The question, of course, becomes this: how does one structure academic environments to foster a sense of belonging among minority students, such that their identities are not threatened and academic engagement becomes more likely?

The role of cross-race friendships in fostering institutional belonging

Given the centrality of rejection and acceptance concerns for RS-race, my colleagues and I have hypothesized that cross-race friendships should have a beneficial effect on students high in RS-race. Intergroup contact in general, and intergroup friendship in particular, has been previously linked to a variety of positive intergroup outcomes, including reductions in prejudice as well as positive experiences during intergroup interaction (Pettigrew & Tropp, 2006). Further, cross-race friendships can be particularly beneficial in that they can be the stage for unambiguous cues of acceptance from members of the outgroup.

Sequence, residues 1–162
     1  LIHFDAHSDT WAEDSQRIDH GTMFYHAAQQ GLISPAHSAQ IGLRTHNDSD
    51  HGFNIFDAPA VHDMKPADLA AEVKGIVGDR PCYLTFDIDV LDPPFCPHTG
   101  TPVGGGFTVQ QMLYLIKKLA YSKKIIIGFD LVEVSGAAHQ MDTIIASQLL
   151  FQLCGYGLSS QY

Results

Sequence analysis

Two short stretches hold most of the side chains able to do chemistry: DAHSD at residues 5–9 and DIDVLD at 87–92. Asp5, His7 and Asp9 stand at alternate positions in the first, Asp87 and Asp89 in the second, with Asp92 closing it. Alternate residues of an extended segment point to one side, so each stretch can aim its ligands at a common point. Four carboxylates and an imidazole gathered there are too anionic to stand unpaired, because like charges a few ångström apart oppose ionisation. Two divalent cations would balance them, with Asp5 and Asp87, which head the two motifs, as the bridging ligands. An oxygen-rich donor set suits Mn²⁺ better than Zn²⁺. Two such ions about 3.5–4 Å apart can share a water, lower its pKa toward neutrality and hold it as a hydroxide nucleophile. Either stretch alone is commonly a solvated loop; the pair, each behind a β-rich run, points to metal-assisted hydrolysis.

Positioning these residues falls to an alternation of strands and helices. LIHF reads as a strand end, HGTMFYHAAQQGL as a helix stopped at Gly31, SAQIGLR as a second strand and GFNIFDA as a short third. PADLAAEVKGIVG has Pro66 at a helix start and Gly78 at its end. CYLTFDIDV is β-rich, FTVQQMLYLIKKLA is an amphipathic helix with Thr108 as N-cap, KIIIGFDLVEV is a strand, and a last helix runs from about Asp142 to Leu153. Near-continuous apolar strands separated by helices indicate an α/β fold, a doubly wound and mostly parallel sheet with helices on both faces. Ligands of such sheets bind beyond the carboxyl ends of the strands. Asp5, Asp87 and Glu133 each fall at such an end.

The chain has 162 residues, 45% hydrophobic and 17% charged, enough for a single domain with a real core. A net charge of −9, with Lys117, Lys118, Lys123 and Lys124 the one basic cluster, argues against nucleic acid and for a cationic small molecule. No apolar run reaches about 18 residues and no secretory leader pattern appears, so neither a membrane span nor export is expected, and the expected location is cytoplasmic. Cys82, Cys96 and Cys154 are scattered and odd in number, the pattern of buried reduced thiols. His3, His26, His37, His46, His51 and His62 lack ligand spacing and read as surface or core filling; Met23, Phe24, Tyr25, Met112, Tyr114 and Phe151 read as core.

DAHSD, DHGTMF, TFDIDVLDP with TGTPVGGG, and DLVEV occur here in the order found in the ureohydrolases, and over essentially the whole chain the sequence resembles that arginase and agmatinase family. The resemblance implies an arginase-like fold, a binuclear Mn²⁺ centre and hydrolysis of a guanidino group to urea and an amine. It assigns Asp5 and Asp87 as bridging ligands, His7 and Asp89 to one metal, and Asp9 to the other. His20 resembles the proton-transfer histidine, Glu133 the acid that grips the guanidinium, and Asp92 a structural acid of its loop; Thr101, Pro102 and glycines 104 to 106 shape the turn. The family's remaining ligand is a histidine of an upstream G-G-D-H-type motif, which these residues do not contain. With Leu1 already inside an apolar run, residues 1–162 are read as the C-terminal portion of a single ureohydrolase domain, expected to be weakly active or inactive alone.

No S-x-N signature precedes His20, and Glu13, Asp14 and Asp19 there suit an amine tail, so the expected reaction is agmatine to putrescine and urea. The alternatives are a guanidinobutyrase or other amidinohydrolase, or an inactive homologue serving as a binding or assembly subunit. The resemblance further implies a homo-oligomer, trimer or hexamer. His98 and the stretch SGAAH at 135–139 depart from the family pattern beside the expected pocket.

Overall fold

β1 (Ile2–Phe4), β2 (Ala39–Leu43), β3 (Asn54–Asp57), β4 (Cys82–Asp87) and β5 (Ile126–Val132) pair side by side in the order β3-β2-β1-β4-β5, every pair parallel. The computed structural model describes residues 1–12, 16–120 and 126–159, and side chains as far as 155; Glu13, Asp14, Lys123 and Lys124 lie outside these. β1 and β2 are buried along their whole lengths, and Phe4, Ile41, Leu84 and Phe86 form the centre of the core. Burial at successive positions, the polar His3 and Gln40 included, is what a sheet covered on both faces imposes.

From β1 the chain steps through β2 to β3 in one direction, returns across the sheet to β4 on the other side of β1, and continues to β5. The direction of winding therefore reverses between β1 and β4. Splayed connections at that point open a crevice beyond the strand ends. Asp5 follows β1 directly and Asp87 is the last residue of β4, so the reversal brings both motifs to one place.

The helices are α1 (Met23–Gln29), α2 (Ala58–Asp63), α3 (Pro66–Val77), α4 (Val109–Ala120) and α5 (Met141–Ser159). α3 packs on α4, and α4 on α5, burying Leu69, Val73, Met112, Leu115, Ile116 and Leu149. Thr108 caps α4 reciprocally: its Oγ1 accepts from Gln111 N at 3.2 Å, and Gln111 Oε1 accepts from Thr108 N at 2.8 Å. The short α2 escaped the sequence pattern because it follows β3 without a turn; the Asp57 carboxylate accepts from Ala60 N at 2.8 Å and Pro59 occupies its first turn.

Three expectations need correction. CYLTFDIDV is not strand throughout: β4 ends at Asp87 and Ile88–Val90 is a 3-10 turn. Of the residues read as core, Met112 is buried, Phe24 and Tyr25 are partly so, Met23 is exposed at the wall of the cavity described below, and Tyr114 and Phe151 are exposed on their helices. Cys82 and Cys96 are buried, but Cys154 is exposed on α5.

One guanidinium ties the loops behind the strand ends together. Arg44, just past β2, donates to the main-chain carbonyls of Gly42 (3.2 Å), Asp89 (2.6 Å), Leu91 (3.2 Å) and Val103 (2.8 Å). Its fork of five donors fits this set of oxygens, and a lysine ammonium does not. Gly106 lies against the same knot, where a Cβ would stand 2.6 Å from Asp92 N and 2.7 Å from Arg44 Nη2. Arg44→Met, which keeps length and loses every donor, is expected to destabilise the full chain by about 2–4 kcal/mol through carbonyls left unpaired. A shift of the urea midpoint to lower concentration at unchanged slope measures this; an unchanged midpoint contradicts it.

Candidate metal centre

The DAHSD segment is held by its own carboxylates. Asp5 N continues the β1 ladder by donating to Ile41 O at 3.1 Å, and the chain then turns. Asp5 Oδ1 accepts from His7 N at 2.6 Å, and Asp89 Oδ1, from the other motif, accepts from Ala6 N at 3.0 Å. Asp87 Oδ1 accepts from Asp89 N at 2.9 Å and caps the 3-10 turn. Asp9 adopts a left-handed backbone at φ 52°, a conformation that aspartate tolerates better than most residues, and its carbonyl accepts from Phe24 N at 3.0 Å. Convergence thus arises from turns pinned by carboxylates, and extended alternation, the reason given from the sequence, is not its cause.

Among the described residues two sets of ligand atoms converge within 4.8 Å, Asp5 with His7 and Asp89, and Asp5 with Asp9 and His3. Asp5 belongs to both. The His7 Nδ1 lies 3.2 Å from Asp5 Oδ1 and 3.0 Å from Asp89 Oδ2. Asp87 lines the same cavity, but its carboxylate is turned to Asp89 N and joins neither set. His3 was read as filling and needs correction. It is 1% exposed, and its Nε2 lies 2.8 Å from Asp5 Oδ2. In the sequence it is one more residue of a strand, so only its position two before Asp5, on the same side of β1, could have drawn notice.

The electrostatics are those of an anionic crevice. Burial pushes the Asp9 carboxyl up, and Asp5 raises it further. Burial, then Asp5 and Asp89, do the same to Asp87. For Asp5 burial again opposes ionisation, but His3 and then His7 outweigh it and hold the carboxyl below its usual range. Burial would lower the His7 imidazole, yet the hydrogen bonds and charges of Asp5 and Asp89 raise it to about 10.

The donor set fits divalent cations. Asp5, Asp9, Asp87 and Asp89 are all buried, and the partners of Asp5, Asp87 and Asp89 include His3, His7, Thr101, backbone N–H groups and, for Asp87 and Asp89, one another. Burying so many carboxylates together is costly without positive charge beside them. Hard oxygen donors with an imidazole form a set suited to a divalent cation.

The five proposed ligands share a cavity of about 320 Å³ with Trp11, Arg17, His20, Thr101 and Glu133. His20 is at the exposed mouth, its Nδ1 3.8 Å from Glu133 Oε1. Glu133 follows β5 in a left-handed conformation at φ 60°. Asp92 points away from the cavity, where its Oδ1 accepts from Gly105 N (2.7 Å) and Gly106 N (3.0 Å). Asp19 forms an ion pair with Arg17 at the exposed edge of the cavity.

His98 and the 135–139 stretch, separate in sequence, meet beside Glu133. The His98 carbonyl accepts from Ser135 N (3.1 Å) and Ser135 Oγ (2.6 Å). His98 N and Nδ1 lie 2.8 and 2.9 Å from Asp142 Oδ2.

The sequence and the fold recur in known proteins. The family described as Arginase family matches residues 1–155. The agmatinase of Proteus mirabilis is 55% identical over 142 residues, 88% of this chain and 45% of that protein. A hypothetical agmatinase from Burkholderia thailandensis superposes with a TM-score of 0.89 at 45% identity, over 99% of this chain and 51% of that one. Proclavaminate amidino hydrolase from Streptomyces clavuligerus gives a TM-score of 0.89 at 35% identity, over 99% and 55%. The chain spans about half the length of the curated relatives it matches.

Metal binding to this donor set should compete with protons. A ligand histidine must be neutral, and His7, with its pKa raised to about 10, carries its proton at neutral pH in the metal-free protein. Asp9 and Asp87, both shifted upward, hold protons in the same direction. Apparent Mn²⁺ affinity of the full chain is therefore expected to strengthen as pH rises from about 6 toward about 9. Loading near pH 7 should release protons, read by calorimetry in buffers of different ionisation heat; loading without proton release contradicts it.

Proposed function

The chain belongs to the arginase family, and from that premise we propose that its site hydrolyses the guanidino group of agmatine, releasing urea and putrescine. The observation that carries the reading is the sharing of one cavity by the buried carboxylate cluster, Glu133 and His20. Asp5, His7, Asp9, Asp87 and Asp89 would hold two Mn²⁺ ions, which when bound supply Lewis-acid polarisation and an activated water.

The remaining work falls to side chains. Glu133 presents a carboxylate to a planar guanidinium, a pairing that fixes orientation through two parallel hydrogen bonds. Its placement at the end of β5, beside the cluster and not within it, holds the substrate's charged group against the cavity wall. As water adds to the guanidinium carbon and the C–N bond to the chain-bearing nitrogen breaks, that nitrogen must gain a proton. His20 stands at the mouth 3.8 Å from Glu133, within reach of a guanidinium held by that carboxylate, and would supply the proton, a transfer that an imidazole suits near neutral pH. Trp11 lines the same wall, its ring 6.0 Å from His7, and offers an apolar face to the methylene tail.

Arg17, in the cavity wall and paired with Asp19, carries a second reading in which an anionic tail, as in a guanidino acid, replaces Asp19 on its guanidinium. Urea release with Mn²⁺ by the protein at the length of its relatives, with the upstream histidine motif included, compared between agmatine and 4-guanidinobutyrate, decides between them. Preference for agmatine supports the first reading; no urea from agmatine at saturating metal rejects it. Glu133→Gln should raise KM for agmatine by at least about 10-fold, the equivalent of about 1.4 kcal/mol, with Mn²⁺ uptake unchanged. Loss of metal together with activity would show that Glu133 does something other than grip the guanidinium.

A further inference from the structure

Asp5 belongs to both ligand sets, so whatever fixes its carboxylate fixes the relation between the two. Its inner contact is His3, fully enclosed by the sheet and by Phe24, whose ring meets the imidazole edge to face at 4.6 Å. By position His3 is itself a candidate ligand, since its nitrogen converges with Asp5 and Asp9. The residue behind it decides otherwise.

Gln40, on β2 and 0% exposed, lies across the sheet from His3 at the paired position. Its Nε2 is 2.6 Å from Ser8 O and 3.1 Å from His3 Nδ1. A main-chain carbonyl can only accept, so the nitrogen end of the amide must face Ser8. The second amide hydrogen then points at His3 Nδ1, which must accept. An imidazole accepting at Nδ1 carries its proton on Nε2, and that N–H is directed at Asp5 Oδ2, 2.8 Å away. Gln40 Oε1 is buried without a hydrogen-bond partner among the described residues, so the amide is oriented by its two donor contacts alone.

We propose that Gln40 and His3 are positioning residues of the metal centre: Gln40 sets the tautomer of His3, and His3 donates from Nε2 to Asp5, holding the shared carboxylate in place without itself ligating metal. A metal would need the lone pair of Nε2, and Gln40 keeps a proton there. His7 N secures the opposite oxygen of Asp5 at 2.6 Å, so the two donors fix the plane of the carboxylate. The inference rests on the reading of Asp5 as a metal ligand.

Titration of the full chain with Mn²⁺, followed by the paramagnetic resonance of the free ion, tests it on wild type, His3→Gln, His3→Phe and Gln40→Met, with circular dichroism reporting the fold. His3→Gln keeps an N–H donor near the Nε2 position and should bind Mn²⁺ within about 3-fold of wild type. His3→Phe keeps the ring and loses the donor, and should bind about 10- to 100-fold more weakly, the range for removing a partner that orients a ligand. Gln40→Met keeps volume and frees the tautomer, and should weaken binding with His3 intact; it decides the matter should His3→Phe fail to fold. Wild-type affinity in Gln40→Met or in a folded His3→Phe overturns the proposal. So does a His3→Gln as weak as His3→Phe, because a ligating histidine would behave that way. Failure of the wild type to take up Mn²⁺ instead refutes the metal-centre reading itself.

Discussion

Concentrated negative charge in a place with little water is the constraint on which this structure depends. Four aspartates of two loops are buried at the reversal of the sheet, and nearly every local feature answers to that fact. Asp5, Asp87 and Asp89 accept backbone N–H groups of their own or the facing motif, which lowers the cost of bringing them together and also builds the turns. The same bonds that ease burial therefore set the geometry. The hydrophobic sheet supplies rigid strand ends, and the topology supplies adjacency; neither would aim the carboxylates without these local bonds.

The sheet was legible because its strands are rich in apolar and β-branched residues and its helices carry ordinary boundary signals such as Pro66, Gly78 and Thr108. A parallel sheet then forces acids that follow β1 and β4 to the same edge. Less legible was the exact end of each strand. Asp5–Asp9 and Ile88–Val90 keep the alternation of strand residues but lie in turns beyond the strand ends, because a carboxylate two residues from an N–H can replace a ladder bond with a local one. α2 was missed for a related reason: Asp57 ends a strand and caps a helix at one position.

My colleagues and I conducted an intensive experimental intervention study that induced friendship in cross-race vs. same-race dyads. We measured changes in cortisol (a hormonal correlate of stress) over the course of the 3-week intervention as well as a variety of interpersonal and institutional outcomes following the intervention. We found that among minority students high in RS-race, cross-race friendships bolster institutional belonging and satisfaction (Mendoza-Denton & Page-Gould, 2010), as well as attenuate cortisol reactivity during intergroup encounters (Page-Gould et al., 2008). We also showed that cross-race friendships attenuate negativity and promote future intergroup contact among students high on implicit prejudice. Thus, the intervention benefitted the very groups who were at greatest risk for experiencing negative intergroup relationships – those who are particularly prejudiced, and those who are particularly concerned about being targets of prejudice. Overall, the findings emerging from this research program are important because they are among the first experimental evidence for the benefits of cross-race friendships on intergroup outcomes, and provide a method for fostering positive intergroup relations in diverse environments.

Conclusion: The benefits of ingroup and outgroup affiliations are not mutually exclusive